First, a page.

If you currently have the RX 2 bundle, I recommend upgrading to the RX 3 bundle, though the tools you have in the RX 2 are certainly good enough, so upgrading isn’t essential.
However, I think it’s hard to justify spending $800 more to purchase the RX 3 Advanced bundle (MSRP: $1199), for just the additional Dialogue Denoiser, Dereverb, and Insight Audio Metering Suite tools.
For more information on the Emmy winning software visit: izotope.com
The Entertainment Technology Expo (ETE) held by Createasphere has quietly snuck its way into its 13th year, and each time we’ve visited, it’s always been a genuine experience. The alcohol is free. The crowds are smaller. And the manufacturers don’t have that crazed “this-is-NAB” look on their faces. Fujifilm, FreeFly, NewBlueFX, and Azden all had gear worth noting.
The PL-friendly 14-35mm Cabrio ZK light weight zoom lens was on display. It’s the latest in the 35mm family that houses a 19-90 and 85-300mm lens as well. The flexibility of the glass impressed us the most.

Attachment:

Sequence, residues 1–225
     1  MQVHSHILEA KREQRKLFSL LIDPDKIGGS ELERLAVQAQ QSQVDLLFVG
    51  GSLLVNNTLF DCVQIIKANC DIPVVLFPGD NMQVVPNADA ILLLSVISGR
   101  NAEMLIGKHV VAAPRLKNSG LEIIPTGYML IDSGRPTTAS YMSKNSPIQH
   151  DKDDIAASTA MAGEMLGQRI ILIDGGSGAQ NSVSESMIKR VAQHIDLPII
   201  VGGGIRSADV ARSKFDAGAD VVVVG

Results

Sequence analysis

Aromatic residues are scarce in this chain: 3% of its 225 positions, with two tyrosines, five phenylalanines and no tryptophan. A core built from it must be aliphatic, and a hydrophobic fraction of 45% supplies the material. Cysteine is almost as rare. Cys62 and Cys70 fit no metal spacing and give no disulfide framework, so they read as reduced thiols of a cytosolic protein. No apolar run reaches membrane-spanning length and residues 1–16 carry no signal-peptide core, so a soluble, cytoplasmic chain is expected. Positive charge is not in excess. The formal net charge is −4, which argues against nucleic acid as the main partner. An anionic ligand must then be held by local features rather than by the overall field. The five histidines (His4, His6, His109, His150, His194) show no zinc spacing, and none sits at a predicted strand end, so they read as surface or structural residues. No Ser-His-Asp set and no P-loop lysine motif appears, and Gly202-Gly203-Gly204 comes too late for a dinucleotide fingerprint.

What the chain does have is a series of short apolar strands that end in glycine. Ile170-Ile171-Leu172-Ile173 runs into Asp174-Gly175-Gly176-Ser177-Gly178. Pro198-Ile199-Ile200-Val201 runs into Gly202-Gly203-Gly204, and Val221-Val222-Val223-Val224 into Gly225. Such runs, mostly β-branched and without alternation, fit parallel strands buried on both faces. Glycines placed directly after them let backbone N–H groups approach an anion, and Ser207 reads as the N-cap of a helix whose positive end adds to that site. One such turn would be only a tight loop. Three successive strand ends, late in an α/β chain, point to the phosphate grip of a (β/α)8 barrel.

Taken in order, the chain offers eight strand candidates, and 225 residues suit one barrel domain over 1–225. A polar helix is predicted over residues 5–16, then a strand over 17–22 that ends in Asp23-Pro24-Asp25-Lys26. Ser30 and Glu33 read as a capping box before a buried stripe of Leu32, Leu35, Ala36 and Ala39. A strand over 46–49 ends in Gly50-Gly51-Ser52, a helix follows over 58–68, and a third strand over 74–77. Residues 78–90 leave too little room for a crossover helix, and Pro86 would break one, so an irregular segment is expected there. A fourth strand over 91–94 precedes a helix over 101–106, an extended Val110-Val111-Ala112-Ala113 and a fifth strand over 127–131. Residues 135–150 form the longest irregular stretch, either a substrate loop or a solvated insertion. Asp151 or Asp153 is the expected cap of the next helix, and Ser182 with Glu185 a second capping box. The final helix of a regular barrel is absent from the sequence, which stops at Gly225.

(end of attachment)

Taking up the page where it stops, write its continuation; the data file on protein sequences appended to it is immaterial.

Built for speed and designed for 4K cameras, a specially implemented servo drive unit allows operators to use the lens ENG style, or if detached, it carries the standard 0.8mm cine gearing for the traditional filmmaking route.
The lens itself was light – about 6lbs. The operating rings were just what you’d expect from Fujifilm – smooth, easy to read and adjust. The T.29 wide angle zoom lens features a 2.5 zoom ratio, close focus up of 24” (0.6 m / 2′) and has a 114x231mm diameter/length.
I asked Fuji if we could give one away… their only response was just a smile.
IS0-mini / IS-100 Fujifilm also had their coveted IS-mini box coupled with the IS-100 CCBOXX. The IS-100 allows you to create LUTS, live color grading on set live with a camera image. The CCBOXX uses 16bit ACES color space and the information can easily be exported for a regular REC709 workflow.
When paired with the IS-mini, viewing an accurate color profile over HD-SDI or HDMI on a monitor is fast and simple. If you’re in a multi-camera shoot, onboard LAN ports allow up to 300ft of additional coverage. Each camera would need its own IS-mini, but Michael Bulbenko of Fujifilm mentioned that a recent production used 48 different IS-mini devices without a hitch.